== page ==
LOS ANGELES — Nearly two years after an arsonist ignited what became the largest fire in Los Angeles County history, officials have launched an effort to restore tens of thousands of acres in some of the most severely charred areas of the mountainous Angeles National Forest.
Against the backdrop of a rocky hillside of scrub, blackened trees and pockets of new green, the National Forest Foundation and local and federal officials on Friday announced a five-year effort to plant 3 million trees on 10,000 acres, remove invasive plants and restore the habitat on another 40,000 acres in the Big Tujunga Canyon watershed. The National Forest Foundation said it plans to raise $5 million toward the effort.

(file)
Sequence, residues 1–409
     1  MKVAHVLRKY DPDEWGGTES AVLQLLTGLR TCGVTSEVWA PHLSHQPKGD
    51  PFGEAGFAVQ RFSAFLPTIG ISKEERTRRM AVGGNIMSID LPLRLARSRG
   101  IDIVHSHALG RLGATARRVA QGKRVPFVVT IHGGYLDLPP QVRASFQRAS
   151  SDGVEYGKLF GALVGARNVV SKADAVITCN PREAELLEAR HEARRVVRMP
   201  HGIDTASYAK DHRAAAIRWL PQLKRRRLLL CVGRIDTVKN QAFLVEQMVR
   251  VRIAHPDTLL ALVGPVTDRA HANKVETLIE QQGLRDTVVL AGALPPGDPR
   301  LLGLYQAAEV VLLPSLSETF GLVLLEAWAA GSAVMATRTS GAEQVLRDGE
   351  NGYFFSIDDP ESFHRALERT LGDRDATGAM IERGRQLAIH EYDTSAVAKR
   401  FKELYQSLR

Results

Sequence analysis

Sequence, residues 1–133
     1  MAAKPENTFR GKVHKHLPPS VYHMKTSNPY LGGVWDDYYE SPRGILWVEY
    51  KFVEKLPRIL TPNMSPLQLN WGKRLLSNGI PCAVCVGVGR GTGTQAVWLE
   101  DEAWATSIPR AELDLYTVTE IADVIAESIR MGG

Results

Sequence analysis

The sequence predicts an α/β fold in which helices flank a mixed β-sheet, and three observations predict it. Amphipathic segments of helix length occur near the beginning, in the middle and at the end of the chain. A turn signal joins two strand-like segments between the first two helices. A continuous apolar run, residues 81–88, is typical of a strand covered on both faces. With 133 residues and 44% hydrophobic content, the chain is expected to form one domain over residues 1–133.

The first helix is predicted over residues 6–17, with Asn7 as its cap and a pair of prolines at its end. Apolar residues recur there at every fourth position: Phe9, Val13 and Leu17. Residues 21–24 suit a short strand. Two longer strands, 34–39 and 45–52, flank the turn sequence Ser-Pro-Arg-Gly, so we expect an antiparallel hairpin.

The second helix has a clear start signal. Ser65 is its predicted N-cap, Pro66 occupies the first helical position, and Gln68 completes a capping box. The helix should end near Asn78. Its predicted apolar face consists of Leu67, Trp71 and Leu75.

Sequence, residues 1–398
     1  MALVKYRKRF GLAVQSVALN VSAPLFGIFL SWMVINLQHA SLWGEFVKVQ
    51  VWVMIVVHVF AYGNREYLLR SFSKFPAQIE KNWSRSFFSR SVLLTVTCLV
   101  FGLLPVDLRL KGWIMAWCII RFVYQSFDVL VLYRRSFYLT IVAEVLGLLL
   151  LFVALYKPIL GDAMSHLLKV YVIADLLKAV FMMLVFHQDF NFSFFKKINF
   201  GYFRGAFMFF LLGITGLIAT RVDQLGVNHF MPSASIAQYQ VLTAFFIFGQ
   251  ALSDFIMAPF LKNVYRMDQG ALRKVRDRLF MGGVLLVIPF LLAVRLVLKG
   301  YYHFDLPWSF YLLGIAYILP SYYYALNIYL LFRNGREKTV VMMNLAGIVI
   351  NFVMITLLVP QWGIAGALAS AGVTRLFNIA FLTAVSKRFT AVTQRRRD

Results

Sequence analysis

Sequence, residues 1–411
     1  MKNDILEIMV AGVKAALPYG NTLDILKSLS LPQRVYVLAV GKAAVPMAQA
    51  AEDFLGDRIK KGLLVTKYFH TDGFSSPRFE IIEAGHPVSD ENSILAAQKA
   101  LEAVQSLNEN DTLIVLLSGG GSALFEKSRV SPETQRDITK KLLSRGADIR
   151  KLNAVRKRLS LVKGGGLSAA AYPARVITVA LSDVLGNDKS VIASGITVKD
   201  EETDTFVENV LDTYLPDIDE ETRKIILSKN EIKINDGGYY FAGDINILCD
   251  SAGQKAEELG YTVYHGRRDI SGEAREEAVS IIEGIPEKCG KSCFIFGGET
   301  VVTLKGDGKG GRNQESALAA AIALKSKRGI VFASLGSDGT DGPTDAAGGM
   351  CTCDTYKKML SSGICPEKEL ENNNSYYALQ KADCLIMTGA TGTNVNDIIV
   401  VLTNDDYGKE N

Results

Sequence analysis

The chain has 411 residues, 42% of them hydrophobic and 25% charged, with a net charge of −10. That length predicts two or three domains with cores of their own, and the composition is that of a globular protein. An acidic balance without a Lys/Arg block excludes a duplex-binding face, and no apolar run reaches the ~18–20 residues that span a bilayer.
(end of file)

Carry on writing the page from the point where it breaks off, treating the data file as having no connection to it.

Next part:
The 2009 Station Fire scorched about 161,000 acres, destroyed 89 homes and killed two firefighters. An estimated 14,000 acres were burned to deforested conditions, and it is this area that is being targeted for tree planting.
While setting aside the Angeles National Forest as a reserve was important in 1892, said Tom Tidwell, chief of the U.S. Forest Service, preserving that land is even more critical today.